Airline merger can open doorsAdrian loveridge is a hotelier of four decades' standing;
By Adrian Loveridge | Tue, September 18, 2012 - 11:00 AM
WHILE FAR FROM being a done deal, our tourism planners must be already galvanized into exploring further opportunities that a merged American Airlines and US Airways could potentially present for Barbados.
Apart from the existing hubs of New York, Miami and to a lesser extent Charlotte, a combined carrier would have a considerable presence in Chicago (1), Los Angeles (6), Phoenix (23) and Philadelphia (43).
World ranking in terms of passengers handled is shown in brackets and collectively amount to over 202 million annually.
Having lost direct airlift out of Atlanta, Philadelphia and more recently, Dallas/Forth Worth, I would guess that there will be some reluctance to jump into another gateway.
But with proper planning, implementation and consistent marketing support, the temptation may prove too overwhelming due to the numbers and reach involved.
The merged AA/US airline would leapfrog the carrier into first position, both in terms of the domestic market and international enplaned passengers to/from the United States.
US Airways passengers would gain access to American Airlines international destinations and AA would be better able to connect to smaller American cities US Airways serves.
Between June 2011 and May 2012 American Airlines’ domestic share was 13.1 per cent and US Airways’, eight per cent. – Bureau Of Transportation Services.
This compares with Delta’s 16.2 per cent and Southwest’s 15.3 per cent.
Internationally to/from the United States, American carried nearly 21 million and US Airways almost seven million people last year. – Bureau Of Transportation Services.
Together they would create an airline about the same size as the world’s largest, United Continental Holdings.
And if terms can be agreed and permission gained from the regulatory authorities, it will also become the dominant United States carrier.
Should that concern us?
Surprisingly, according to Atmosphere Research Group, an independent advisory firm, the routes of US Airways and American have very little overlap.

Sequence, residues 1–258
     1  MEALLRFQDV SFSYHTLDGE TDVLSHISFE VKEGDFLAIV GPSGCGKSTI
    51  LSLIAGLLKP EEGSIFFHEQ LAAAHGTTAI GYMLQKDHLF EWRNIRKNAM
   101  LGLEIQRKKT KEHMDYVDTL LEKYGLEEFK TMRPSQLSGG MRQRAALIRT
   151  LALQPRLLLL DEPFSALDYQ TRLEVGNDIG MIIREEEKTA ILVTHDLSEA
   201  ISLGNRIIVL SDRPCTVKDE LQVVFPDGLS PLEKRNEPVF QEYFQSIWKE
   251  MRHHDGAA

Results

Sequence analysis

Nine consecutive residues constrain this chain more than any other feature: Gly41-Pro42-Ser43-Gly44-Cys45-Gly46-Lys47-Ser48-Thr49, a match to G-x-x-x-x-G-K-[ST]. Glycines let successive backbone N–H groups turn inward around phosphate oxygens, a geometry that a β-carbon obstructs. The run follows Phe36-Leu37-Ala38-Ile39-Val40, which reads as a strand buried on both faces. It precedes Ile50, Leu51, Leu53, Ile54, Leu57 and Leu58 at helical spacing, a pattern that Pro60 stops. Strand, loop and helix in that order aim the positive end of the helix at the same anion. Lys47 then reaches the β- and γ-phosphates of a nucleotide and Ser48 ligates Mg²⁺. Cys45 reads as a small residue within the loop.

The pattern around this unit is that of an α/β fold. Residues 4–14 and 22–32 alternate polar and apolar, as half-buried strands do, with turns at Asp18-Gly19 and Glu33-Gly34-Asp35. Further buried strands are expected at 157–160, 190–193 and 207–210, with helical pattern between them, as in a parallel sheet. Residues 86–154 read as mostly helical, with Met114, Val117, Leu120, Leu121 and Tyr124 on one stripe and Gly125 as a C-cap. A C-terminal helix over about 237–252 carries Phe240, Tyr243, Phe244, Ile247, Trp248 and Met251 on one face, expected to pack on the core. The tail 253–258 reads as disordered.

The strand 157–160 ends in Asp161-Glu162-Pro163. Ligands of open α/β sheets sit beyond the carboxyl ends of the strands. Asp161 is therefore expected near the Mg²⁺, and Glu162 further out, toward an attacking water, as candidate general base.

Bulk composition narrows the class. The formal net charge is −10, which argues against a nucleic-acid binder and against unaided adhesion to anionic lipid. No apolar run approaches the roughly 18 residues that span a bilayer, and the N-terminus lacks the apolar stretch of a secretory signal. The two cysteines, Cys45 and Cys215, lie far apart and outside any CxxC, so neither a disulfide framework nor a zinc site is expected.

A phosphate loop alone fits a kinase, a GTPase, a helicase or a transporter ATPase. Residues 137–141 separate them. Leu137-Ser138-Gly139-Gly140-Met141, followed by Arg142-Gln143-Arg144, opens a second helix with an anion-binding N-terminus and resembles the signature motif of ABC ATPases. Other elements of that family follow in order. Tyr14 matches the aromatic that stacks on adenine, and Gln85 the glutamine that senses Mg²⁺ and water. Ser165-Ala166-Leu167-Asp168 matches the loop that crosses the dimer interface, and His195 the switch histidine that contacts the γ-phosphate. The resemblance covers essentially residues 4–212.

Of the 508 nonstop city pairs (flights from one city to another without a stop) that American operated on a peak day in July (384 for US Airways), only 12 were identical with US Airways – that’s little more than two per cent overlap, or virtually insignificant.
Will a merger stifle competition or drive up ticket prices?
The jury is still out on this one, but while JetBlue and Southwest, who carried more than 161 million passengers last year, are still around, that’s probably unlikely.
Domestically, add Republic/Frontier, Spirit and Allegiant, and that’s another 60 million, so there is still lots of choice.
Prior to declaring Chapter 11 protected bankruptcy, American had placed the largest ever order for new aircraft in aviation history, dividing the supply between the two biggest manufacturers, Boeing and Airbus.
According to Airfleet.net, the current average of AA’s fleet (607) is 15 years old and US Airways’ (335) is 12.8 years. But nearly half of American’s entire fleet consists of 20-plus-year-old B767s and variants of kerosene-guzzling MD80/90s.
Successful implementation of debt and salary restructuring together with the introduction of a newer and more fuel-efficient fleet is therefore absolutely critical to the airline’s long-term survival and viability.
And this same criteria applies whether or not the merger becomes a reality.
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